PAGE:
ICEJ Opens New Year with Aliyah Camp for Jewish Youth
By: A. Howard Flower, ICEJ Aliyah Director
The war thrust upon Israel over recent months has left many Israelis traumatized, even while scores of Jews abroad are considering a move to the Jewish homeland to escape the rampant wave of antisemitism spreading worldwide. Already since that dark day last October 7, more than 4,000 Jewish Olim (newcomers) have arrived in Israel. As we start the new year, the International Christian Embassy Jerusalem stands committed to helping with war relief efforts here in the Land of Israel and, just as importantly, helping to prepare and bring home as many Jewish immigrants as possible.
2024 Aliyah Camps Have Begun!
One way we do this is by sponsoring Aliyah camps. In January, we sponsored a winter Aliyah camp for Jewish youths in the Baltic States—73 Jewish youth between 12 and 17 years old eagerly packed their warmest clothes and attended the camp for a life-changing adventure in chilly Latvia!
The atmosphere was festive as the youth arrived and began mingling. The Jewish teens, including Ukrainian refugee children now living in Poland, Germany, and the Baltic countries, as well as Israeli youth temporarily living outside of Israel, gathered at an ICEJ-sponsored Aliyah winter camp on the shores of the Baltic Sea in Latvia between January 3 through 7. This winter camp, mostly conducted in Russian, was made possible through the generous support of Christian friends who gave through our Finnish, German, and USA branches.
Despite the freezing Latvian temperatures, which dipped as low as -20 degrees Celsius, the young people participated in various fun activities like a pajama party, navigating a web of strings, making new friends, playing in the snow, and, most importantly, learning about Israel while embracing their Jewish identity.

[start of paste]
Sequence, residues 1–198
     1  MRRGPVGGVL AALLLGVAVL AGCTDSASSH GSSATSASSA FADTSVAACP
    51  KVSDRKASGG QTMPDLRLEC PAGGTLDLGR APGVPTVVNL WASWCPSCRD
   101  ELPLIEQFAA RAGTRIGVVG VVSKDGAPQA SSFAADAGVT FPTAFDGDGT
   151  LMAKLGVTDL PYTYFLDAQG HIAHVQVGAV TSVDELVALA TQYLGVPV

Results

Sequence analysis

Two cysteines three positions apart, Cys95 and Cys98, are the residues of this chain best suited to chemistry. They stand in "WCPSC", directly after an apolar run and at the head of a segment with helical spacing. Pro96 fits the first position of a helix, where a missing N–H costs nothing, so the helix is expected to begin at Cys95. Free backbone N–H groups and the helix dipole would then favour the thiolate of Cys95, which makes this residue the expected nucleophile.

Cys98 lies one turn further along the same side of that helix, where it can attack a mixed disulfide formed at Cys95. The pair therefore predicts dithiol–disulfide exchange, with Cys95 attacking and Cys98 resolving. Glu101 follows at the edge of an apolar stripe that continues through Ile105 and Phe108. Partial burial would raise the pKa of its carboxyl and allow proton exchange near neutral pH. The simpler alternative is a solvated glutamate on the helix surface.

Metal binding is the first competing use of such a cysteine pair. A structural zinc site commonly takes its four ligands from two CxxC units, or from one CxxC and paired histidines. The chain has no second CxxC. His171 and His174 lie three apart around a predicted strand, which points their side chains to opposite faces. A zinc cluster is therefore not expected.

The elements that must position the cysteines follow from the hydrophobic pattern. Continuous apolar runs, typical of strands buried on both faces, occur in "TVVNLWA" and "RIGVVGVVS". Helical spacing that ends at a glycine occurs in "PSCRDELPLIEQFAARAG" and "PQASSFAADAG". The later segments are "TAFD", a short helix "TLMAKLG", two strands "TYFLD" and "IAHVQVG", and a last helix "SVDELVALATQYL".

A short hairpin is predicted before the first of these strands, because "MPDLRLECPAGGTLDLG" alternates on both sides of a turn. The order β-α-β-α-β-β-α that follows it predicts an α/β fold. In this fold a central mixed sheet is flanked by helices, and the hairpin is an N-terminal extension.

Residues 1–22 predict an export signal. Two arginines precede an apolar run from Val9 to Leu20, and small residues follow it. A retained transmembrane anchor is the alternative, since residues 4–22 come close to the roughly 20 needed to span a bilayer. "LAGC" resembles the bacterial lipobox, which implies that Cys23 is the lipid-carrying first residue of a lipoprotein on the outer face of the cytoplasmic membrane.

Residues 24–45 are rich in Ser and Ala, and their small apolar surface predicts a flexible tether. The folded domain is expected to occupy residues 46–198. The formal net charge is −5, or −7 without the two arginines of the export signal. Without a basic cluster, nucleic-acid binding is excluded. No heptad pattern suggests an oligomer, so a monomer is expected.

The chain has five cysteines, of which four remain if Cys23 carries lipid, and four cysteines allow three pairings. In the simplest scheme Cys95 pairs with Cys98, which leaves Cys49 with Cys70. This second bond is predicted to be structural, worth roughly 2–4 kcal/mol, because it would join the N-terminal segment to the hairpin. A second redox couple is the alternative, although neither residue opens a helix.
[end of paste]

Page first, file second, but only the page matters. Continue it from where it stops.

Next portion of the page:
The Christian Embassy has a long history of assisting with Aliyah summer and winter camps. More than 10 years before the beginning of the 2014 conflict in Ukraine, the Jewish Agency approached the ICEJ to help with Aliyah preparations in areas far away from the fighting in eastern Ukraine. Since then, the ICEJ has assisted with dozens of similar Aliyah camps and other preparatory gatherings in many countries, including Ukraine, Finland, Russia, Latvia, and Lithuania.
Surge in Aliyah Applications Despite War
These Aliyah camps play a crucial role in planting seeds deep within these Jewish youngsters for eventually making Aliyah to Israel. Although Jewish immigration to Israel has slowed somewhat since the start of Israel’s war with Hamas in early October, that stems from many prospective immigrants deciding to delay their Aliyah for a few months. The Jewish Agency for Israel (JAFI) reports that many more people have opened Aliyah application files since October than over the same period the year before—and no one has canceled yet. The slowdown so far is less than what occurred during the first months of the Coronavirus pandemic in early 2020, after which Aliyah dramatically rebounded.
Following a series of Aliyah fairs in France in late December, the Jewish Agency announced that more than 1,200 French Jews opened Aliyah files in the last three months, compared with only 220 in the same period the previous year—an increase of 450 percent. The Israeli daily newspaper Israel Hayom also reported that in the last quarter of 2023, nearly 4,200 American Jews submitted immigration requests—an increase of 122 percent over the same period in 2022.
Recently, Jewish Agency chairman Doron Almog boldly forecast that Israel could see as many as 1 million new Jewish immigrants in the next few years due to the mounting wave of antisemitism around the globe. At a special Aliyah conference in Florida last week, JAFI official Danielle Mor assured participants that the Agency could handle such a mass influx and was prepared to do just that.
In 2024, the ICEJ is committed to bringing as many Jewish immigrants home to Israel as possible and assisting them with fully integrating into Israeli society. Our Aliyah work first began in Vienna in 1980, and since then, we have assisted more than 175,000 Jews in coming home to Israel, including more than 5,000 in 2023, while helping many more throughout the integration phase.
Aliyah winter camps are just one way we are helping Jewish people prepare for returning to their biblical homeland. Please continue to give generously to our Aliyah efforts.